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The Ethics of Biomedical Tourism

McCormack, D and Riggs, D (2015) The Ethics of Biomedical Tourism Somatechnics, 5 (1). pp. 1-11.

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In Precarious Life, Judith Butler explores vulnerability as foundational to human relational subjectivity. By arguing for embodied selfhood as more than individual ownership, Butler does not suggest that we lack agency or that we should not lay claim to bodily rights. Rather, she insists that such ontological indebtedness to others is the potential for rethinking ethics, whereby the body's invariably social dimension – what we might call its intimate relationality with others – demands a recognition of how any bodily claims about the self or one's identity are always claims for and about others. Furthermore, such embodied sociality requires a response-ability (Oliver 2001): a response to others that recognises this ontological indebtedness and in so doing does not violate the bond that makes self and other possible. This is an ethics where harm to others is a violation of the very thing that makes life possible, and thus represents an attempt to think through how bodily violence might be avoided on both an individual and collective level.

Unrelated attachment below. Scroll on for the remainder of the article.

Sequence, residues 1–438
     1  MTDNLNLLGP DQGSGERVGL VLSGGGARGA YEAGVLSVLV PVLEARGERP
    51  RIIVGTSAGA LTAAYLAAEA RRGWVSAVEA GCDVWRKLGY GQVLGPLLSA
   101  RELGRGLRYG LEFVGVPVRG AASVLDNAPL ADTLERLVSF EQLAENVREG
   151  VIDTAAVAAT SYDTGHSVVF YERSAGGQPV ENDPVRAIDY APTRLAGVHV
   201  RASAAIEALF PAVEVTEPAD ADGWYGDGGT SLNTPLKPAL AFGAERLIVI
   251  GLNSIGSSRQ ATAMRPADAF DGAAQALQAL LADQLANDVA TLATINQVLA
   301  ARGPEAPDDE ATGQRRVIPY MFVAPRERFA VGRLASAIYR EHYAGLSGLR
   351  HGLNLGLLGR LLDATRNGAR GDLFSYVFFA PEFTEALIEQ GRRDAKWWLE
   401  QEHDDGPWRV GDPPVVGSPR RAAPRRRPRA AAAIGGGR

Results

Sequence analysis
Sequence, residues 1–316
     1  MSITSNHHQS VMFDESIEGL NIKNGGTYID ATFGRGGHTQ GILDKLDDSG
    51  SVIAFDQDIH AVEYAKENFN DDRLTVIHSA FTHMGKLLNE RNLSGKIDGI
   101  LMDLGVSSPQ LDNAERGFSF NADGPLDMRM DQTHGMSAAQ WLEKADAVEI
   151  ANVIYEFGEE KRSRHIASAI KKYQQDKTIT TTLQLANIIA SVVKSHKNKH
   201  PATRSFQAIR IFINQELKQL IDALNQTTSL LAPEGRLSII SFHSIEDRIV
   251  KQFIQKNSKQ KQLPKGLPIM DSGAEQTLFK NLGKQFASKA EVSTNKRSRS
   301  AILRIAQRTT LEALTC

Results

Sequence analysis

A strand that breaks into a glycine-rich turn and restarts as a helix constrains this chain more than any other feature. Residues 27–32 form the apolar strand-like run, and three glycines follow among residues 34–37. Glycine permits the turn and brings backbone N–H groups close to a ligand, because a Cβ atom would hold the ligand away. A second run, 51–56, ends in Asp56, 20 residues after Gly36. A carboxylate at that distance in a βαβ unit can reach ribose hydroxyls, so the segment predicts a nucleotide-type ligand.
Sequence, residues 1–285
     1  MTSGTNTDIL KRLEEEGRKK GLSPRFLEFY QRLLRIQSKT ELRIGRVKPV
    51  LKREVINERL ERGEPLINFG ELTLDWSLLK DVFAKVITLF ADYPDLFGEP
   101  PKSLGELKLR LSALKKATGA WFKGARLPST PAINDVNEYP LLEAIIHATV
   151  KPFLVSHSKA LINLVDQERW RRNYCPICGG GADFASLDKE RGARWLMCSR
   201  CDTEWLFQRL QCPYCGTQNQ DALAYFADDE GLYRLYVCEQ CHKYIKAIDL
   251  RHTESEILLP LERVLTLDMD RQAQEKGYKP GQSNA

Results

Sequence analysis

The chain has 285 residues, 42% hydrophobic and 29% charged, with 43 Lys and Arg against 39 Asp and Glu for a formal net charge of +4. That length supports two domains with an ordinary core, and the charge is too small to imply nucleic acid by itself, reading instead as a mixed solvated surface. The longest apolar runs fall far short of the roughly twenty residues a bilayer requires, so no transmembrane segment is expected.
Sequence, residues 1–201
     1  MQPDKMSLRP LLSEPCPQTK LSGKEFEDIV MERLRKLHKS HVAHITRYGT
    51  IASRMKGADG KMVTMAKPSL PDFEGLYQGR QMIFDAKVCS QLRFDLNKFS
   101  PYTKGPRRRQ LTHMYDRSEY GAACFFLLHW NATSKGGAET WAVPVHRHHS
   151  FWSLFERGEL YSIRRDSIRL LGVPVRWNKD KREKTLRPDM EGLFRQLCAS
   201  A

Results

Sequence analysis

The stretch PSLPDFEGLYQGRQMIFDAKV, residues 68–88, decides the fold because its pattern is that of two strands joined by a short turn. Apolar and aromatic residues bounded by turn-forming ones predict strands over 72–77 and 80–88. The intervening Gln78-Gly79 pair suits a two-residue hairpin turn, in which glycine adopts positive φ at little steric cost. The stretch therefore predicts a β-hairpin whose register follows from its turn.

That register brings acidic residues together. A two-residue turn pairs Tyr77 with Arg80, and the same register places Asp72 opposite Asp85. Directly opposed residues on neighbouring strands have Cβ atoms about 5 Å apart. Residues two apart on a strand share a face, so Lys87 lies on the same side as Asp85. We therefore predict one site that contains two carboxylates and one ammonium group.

Item Type: Article
Subjects : Literature
Divisions : Surrey research (other units)
Authors :
Riggs, D
Date : March 2015
DOI : 10.3366/soma.2015.0144
Copyright Disclaimer : Copyright © 2016 Edinburgh University Press
Depositing User : Symplectic Elements
Date Deposited : 16 May 2017 15:37
Last Modified : 24 Jan 2020 15:06

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